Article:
It will be seen that with our structure, as described, the wheels and wheel mountings may be collapsed very compactly against the bottom of the frame or body F by-releasing the brace rods 11 from bracing engagement with the socket 60: at the inner ends of the mounting plates and bodily swinging the wheels and the mounting brackets 7 inwardly. The mounting brackets actually engage in flush relationship, referring to the cross heads 8, with the bottom of the chassis body in such collapsed position and the wheels at their inner faces are disposed only an inch or two from the bottom of the body.

The upright Walls of the box may be collapsed as previously stated so that the side walls lie flush against the top of the body while the rear wall is folded flush against the bottom of the body.

While various draft connections may be utilized, we have shown, on the embodiment illustrated, an elongated central draft bar 15 which may run the full length of the body and be secured thereto for reinforcing purposes in conjunction with diagonally disposed draft arms 15a connected with the forward portion of bar 15 and connected at their outer ends rigidly with the front end of the chassis body F.

If desired, means such as shown in Fig. 8 may be provided for retaining the upstanding box walls 12, 13, and 14 in collapsed horizontal position. The means shown cooperates with the crank bolt 17a of the front and rear box sections 14 and 13, and employs a vertically disposed plate 20 having a transverse bolt receiving slot 20a therein. For the rear side 13 this plate is affixed to the bottom of the chassis body, and for the front box side 14 the plate is applied appropriately to the draft member 15.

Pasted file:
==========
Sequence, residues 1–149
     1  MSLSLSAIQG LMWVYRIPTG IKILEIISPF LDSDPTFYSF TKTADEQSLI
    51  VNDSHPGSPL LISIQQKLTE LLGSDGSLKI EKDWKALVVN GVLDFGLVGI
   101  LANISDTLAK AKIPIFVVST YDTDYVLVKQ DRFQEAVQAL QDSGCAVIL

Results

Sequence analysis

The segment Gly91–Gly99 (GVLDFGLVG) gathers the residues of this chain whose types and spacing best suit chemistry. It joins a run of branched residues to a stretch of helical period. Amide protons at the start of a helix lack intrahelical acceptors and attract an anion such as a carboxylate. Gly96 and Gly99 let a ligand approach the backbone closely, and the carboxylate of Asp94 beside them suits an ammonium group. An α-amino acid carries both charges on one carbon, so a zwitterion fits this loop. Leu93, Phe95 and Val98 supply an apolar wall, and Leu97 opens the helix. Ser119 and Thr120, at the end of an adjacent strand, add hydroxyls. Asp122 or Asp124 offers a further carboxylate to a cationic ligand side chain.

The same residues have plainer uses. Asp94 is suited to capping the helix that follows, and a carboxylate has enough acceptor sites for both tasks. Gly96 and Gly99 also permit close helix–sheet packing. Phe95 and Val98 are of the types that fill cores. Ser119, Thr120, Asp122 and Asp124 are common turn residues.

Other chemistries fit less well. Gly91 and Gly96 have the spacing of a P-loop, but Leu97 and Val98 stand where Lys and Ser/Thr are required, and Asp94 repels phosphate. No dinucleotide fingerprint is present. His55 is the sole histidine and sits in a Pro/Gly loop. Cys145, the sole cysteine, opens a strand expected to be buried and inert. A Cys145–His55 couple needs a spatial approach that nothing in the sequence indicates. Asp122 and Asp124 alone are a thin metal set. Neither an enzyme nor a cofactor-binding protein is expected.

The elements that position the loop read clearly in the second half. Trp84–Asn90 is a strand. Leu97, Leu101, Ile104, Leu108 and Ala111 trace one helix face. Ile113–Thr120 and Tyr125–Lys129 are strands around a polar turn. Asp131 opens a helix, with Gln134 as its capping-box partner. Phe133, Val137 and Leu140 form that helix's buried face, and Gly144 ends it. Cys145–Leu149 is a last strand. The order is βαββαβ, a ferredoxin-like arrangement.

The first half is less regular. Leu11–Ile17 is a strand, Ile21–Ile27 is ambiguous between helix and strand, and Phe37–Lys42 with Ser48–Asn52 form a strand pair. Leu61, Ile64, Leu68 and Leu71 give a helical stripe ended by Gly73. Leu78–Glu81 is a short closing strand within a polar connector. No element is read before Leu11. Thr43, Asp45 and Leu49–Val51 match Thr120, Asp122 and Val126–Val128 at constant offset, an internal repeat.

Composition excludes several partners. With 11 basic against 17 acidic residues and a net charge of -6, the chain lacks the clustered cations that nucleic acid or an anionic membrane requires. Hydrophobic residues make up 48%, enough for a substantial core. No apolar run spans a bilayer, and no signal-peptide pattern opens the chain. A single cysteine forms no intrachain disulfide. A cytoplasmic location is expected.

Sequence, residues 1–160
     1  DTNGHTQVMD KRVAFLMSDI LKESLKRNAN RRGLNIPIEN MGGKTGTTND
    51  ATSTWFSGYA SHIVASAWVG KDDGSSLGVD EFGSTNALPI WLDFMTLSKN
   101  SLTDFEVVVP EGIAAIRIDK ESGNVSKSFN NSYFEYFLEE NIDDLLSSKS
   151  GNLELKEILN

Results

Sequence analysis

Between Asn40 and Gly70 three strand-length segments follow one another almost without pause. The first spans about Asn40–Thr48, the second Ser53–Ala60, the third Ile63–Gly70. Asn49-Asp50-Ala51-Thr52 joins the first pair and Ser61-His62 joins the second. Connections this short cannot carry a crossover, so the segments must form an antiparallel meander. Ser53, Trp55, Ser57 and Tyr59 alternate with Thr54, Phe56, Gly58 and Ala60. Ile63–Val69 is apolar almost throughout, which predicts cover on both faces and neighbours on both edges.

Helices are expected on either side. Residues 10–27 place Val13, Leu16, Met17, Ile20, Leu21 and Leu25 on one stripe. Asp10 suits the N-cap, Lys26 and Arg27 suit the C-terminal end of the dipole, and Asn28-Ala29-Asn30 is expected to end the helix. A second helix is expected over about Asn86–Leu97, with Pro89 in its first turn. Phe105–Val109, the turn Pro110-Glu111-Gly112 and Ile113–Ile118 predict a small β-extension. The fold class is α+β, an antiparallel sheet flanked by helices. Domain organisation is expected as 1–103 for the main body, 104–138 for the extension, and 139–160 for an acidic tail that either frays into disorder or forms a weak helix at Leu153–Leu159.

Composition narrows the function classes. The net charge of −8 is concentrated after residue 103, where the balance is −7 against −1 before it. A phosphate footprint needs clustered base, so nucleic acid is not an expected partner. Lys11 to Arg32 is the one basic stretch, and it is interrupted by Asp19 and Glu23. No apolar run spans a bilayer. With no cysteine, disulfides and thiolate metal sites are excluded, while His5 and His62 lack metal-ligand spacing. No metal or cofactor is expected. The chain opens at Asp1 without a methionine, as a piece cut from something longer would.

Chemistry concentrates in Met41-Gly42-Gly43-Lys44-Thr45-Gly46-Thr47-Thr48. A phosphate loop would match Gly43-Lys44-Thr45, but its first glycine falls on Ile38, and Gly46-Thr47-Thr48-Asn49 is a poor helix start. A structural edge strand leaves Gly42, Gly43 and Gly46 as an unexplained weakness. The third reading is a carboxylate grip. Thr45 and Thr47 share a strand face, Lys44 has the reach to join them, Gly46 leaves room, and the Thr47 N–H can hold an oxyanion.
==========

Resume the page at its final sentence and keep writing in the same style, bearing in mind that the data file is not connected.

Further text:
The very simple wheel mounting structure with the hinge bracket and slidable cross heads 8 and associated shock absorption springs provides an exceedingly sturdy but relatively light, collapsible wheel mounting which will withstand heavy loads and long continuous wear.

It will of course be understood that various changes may be made in the form, details and arrangement of the parts without departing from the scope of our invcntion.

What is claimed is:

1. In collapsible trailer construction or the like, a

chassis frame having parallel, rigid side portions normally extending substantially horizontally and longitudinally, a pair of inwardly collapsible wheel mountings each comprising an inverted U-shaped element having the intermediate portion of the U pivoted to one of said side portions of said frame on an axis disposed parallel to the line of travel of said trailer, said mountings being swingable from collapsed position approximately against said frame to erect position and then being substantially aligned, a slide head mounted for limited sliding movement upon the two leg elements of each of said U-shaped members, said slide head carrying an intermediately disposed wheel spindle extending in a direction perpendicularly to the swing axis of said member, yieldable cushioning means interposed between the intermediate hinged portion of each mounting and its related slide head, a wheel mounted on each of said wheel spindles, said wheels being of diameters related to the spaced distance between said hinge mountings to lie in side-by-side relation against the bottom of said frame with the central planes of said wheels substantially aligned when said mountings are swung inwardly and means connected with said mountings for bracing and holding the same as well as said wheels in vertical, operating positions.